Haemoglobin H Disease in Chinese

Sir David TODD
Emeritus & Honoary Professor, Department of Medicine, The University of Hong Kong, HKSAR

The α-thalassaemias (α-thal) are a group of hereditary anaemias characterised by defective α-globin chain synthesis. Four varieties of α-thal can be defined: (a) α+ thal (b) α° thal (c) Haemoglobin (Hb) H disease and (d) Hb Bart's Hydrops Fetalis. These are the result of deletion of respectively 1, 2, 3 or 4 of the a -globin structural genes with progressive impairment of a-globin chain production. Less commonly the defect may be due to an α-globin gene mutation e.g. Hb Constant Spring. In the more severe forms of α-thal, Hb Bart's (γ4) is found in the fetal and neonatal period and Hb H (β4) in later life. Homozygous α+thal phenotypically resembles α° thal.

Since α+ and α° thal do not give rise to clinical disease, and Hb Bart's Hydrops Fetalis is, with rare exceptions, lethal at birth or shortly after, Hb H disease is the only clinically significant α-thal in children and in adults. In Hong Kong, Hb H disease occurs in about 6 in 10,000 live births.

Hb H disease is associated with a mild to moderate haemolytic anaemia. Development and life expectancy are usually normal. Symptoms vary and may be absent until pregnancy or intercurrent infection occurs and certain oxidant drugs e.g. sulphonamides may aggravate the anaemia. Some patients present with jaundice, symptoms of anaemia or gallstones. In many, the disease is discovered incidentally. Physical examination may reveal mild pallor with or without jaundice, hepatomegaly (mean 1 cm), splenomegaly (mean 1.5 cm) in about 3/4 of patients and rarely dysmorphic facial features and leg ulcers. In the steady state in adults, the following mean haematological changes have been found: Hb 9.5 g/dl; Haematocrit ratio 0.36; MCV 63.6 fl; MCH 18.7 pg; MCHC 29.3 g/dl; Reticulocytes 4.2%; Hb H 7.3% and Hb A2 1.2%. Red blood cells show marked thalassaemic changes with many fragmented forms. Red blood cell survival is shortened with 51Cr T1/2 values from 6 to 23 days, being shortest in those with the larger spleens. The bone marrow shows erythroid hyperplasia with defective haemoglobinization of late normoblasts and increased sideroblasts. Radioactive iron studies reveal mild ineffective erythropoiesis. As Hb H is relatively unstable, intravascular haemolysis and haemosiderinuria may occur. In patients with larger spleens, hypersplenism is sometimes present. In older patients, iron overload of clinical significance has been found.

The diagnosis is established by the demonstration of Hb H inclusions in red blood cells after incubation with 1% brilliant cresyl blue for 30 minutes at 37°C, Hb H on electrophoresis and a low Hb A2. There may be traces of Hb Bart's. If iron deficiency is present, the amount of Hb is decreased. Family studies usually reveal that one parent has α+ thal while the other has α° thal.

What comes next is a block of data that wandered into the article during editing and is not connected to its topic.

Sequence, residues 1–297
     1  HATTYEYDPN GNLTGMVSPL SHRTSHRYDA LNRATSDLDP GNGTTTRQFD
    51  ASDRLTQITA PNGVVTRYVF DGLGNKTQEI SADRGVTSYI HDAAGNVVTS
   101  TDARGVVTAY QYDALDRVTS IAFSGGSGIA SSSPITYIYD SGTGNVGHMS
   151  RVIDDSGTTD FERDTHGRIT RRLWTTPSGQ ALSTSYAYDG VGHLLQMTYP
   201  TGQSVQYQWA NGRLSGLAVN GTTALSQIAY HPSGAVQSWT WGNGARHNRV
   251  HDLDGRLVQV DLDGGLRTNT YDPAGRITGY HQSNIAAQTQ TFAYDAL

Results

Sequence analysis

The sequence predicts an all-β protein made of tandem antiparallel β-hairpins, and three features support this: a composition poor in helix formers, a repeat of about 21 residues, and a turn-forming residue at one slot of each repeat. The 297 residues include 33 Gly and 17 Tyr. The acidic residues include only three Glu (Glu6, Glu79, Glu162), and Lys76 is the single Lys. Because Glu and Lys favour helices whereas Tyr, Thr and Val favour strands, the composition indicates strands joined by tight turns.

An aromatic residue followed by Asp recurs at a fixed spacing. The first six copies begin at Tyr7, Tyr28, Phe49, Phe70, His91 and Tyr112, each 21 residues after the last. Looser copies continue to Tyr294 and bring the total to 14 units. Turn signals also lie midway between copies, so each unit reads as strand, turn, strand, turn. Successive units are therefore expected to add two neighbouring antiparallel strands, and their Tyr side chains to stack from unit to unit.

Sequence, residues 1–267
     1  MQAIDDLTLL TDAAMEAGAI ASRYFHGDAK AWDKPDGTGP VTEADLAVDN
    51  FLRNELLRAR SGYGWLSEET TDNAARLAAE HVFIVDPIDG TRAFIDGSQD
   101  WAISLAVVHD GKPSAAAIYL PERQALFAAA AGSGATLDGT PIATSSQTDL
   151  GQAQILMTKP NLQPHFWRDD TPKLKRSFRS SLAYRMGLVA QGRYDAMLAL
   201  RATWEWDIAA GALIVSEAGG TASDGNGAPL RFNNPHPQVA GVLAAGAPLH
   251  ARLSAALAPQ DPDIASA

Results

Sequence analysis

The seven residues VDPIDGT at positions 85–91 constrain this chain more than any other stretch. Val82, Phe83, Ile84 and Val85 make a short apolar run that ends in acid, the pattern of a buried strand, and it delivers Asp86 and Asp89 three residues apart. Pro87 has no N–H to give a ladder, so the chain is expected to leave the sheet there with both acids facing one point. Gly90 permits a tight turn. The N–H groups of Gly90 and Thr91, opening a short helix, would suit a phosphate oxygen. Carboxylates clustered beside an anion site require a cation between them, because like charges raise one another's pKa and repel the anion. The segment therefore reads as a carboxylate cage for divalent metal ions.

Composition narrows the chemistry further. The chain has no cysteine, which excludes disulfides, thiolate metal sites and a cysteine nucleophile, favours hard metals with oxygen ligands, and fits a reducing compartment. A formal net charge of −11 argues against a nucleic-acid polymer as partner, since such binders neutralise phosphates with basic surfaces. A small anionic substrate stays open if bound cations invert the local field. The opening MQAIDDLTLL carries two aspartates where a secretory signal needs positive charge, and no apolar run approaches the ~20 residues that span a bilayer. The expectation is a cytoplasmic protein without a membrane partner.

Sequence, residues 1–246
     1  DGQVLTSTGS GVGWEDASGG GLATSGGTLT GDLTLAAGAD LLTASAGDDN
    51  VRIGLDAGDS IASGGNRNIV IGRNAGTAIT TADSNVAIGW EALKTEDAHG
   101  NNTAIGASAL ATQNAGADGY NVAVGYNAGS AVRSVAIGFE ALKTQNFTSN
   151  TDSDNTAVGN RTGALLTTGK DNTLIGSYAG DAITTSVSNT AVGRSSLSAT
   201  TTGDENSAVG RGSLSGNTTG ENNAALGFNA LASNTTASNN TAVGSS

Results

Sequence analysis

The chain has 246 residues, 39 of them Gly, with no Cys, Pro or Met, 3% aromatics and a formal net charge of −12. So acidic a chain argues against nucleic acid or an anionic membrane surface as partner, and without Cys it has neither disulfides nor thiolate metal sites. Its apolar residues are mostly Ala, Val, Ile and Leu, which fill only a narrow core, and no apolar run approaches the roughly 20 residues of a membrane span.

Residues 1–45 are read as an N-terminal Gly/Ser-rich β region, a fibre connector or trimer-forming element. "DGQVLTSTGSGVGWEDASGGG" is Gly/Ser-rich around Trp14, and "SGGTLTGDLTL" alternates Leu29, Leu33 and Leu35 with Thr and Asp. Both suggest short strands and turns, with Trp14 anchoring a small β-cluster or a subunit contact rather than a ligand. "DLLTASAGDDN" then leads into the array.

The majority of patients require no therapy. However, intercurrent infection should be promptly treated, oxidant drugs avoided and folic acid given during pregnancy. Red blood cell transfusion may be necessary when haemolysis is severe. In some with larger spleens, hypersplenism may occur and splenic infarction and leg ulcers may develop. Splenectomy should not be undertaken lightly as there is a high risk of post-splenectomy thrombo-embolism, probably due to the rise in circulating platelets and continuing intravascular haemolysis. Adults with Hb H disease should be monitored for tissue damage due to iron overload and chelation therapy commenced when it is detected.

It has been mentioned that α-globin gene mutations may be associated with Hb H disease and these are referred to as the non-deletion types. In such cases, a mutated α-globin gene replaces the deletion defect. Of these mutations, the commonest is Hb Constant Spring (TAA to CAA at codon 142). Others are rare and those reported in Chinese include Hb Q, Hb Quong Sze, and defects in the α2-globin gene; deletion of codon 30, DGAG; AGG to AAG at codon 31 and GGC to GAC at codon 59. In the non-deletion types, the abnormal haemoglobin is even less stable and red cell membrane damage severe. These patients have more haemolysis and anaemia, more circulating Hb H and Hb Bart's, larger spleens and are often transfused. Growth retardation may be present. Hb H Hydrops Fetalis has been reported and prenatal diagnosis is indicated in such at risk families.

References

Todd D. Thalassaemia. Pathology 1984;16:5-15.

Chen FE, Ooi C, Ha SY, Cheung BMY, Todd D, Liang R, Chan TK and Chan V. Genetic and Clinical Features of Hemoglobin H Disease in Chinese Patients. N Engl J Med 2000;343:544-50.

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